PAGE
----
Saturday, October 17, 2020
Today, two systems exist for addressing the humanitarian claims of persons fleeing persecution. One system consists of refugees living in host countries, often in large camps, who ideally are then resettled in other countries or repatriated when it is safe to do so. The other system involves refugees arriving in a country and seeking asylum—a right with ancient religious roots. The first “encampment model” is fundamentally broken, as most refugees are housed in the developing or least developed world in terrible conditions for extended periods of time, with little or no realistic hope of resettlement elsewhere or repatriation. The developed world, which takes in only a tiny percentage of refugees worldwide, has tacitly acquiesced to this humanitarian catastrophe occurring outside its borders. Yet it has been forced in recent years to confront the worldwide refugee crisis as the number of persons traveling to wealthy countries to seek asylum has increased. Rather than respond with policies that address the roots of refugee flows, many developed nations have pursued a variety of strategies to interdict and otherwise distance asylum seekers.
Refugee distancing is a way to import the encampment model into the asylum systems of the developed world. This blurring of the lines between encampment and asylum is strikingly clear, for example, in the tent cities that have cropped up along the U.S.–Mexico border under the Trump Administration’s “Migrant Protection Protocol” (MPP), which requires asylum seekers to wait in Mexico while their claims are adjudicated. The overreaching impact of such policies is to dismantle the normative force of asylum by creating physical, psychological, and legal distance between the public and the asylum seekers who make a moral claim on them.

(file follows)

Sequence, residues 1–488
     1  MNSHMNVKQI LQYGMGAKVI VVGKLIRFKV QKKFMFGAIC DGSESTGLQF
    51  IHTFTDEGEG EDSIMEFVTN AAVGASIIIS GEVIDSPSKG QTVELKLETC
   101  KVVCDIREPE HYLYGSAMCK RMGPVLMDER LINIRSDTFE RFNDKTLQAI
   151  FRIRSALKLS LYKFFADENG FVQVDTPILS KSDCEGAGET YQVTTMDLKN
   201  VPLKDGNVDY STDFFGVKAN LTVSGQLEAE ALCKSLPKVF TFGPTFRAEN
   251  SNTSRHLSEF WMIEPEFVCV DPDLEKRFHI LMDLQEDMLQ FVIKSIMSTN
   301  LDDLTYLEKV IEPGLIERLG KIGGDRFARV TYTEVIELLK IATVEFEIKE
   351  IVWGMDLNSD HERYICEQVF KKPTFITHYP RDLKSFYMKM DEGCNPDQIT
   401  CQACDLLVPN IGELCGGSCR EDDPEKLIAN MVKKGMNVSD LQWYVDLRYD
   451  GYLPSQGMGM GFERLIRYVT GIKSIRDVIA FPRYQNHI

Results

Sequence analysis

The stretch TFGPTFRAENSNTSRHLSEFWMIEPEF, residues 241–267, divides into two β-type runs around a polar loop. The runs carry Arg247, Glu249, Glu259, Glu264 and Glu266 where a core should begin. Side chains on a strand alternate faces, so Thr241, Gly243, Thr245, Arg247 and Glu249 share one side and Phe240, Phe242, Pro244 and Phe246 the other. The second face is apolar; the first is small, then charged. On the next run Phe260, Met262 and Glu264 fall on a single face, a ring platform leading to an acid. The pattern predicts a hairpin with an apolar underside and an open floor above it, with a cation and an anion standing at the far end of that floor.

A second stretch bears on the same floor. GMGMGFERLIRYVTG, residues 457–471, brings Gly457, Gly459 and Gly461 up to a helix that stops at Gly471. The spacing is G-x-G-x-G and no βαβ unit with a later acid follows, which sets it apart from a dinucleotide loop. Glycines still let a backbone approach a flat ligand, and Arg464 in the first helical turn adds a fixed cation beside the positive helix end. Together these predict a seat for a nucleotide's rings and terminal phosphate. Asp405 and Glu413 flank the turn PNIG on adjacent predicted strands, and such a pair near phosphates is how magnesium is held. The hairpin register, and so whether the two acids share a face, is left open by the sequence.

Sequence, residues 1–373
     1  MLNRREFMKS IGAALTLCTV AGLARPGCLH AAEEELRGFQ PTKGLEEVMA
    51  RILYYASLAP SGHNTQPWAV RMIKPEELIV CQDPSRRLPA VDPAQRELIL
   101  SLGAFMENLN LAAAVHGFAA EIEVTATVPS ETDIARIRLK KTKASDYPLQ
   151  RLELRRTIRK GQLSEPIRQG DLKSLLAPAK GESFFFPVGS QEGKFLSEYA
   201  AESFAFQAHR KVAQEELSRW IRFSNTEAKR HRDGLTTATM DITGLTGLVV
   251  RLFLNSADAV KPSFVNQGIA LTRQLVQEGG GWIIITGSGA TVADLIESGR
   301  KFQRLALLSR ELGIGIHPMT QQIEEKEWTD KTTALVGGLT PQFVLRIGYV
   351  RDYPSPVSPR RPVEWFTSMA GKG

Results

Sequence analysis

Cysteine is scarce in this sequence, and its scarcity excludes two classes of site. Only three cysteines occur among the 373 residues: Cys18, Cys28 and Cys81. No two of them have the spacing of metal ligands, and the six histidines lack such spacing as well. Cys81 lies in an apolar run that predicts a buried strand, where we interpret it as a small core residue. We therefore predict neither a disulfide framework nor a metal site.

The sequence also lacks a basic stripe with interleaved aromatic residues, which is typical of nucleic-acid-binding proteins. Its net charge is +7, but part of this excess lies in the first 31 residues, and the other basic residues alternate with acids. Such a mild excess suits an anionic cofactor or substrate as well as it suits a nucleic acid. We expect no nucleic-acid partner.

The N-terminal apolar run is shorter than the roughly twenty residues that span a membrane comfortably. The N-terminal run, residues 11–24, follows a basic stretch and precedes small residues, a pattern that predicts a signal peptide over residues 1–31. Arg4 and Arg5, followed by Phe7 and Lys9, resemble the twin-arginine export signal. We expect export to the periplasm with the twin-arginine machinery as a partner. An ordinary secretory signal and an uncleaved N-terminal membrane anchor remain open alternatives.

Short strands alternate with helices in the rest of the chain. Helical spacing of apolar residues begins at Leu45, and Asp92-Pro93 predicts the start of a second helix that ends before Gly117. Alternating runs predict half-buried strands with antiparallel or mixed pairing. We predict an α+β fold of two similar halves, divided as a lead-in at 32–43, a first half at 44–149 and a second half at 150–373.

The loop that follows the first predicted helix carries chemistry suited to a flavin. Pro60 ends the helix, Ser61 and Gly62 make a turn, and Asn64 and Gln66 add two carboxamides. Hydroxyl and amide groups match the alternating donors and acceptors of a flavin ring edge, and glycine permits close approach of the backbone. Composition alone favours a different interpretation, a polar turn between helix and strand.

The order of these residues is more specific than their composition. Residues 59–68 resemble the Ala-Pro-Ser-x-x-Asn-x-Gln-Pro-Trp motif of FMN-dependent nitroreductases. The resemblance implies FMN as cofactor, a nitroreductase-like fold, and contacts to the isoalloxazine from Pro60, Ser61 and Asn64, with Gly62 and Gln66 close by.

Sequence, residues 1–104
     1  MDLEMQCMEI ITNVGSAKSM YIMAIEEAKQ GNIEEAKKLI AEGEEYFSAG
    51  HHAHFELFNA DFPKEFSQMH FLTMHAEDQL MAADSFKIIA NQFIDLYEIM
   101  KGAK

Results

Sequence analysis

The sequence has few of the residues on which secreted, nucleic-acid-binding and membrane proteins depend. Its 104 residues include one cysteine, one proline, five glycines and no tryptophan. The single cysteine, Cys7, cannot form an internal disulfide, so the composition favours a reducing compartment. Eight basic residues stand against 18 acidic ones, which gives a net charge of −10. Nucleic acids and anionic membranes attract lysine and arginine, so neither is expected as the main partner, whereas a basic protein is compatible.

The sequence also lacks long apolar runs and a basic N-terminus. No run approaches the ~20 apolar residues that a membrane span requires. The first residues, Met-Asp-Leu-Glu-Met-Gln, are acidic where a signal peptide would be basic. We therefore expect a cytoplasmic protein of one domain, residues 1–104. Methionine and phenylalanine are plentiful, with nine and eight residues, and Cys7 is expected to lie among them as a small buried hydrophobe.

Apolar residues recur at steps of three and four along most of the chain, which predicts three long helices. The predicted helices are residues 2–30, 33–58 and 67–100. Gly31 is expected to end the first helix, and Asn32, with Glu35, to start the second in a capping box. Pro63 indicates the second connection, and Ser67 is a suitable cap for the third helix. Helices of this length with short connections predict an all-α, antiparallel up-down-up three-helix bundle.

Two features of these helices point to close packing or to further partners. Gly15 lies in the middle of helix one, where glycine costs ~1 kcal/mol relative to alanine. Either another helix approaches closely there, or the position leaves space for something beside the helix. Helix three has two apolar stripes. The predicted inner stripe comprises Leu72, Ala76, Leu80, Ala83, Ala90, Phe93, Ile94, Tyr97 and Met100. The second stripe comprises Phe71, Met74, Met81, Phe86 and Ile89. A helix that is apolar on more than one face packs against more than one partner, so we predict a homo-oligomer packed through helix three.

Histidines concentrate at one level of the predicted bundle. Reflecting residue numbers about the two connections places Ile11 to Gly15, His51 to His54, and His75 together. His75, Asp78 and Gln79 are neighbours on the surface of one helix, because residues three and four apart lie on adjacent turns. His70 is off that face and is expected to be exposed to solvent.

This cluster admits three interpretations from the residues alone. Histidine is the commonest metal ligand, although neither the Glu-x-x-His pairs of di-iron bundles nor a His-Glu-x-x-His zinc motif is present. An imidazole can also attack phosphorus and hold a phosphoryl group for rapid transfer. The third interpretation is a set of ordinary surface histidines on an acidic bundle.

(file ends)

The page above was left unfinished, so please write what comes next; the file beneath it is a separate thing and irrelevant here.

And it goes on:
This Article assesses refugee distancing policies—offering a history and analysis of their causes, as well as a commentary on their future. It contends that current policies may have unintended consequences, as did the U.S. government’s efforts to thwart asylum for Haitian and Central American claimants in the 1980s–1990s. These efforts led to legal precedent allowing for the extraterritorial reach of the Constitution and to a political movement that created new immigration benefits for many asylum applicants. The Article sketches out the legal challenges to one prominent refugee distancing policy, the MPP, and describes how a transnational legal process might contest refugee distancing over the long term.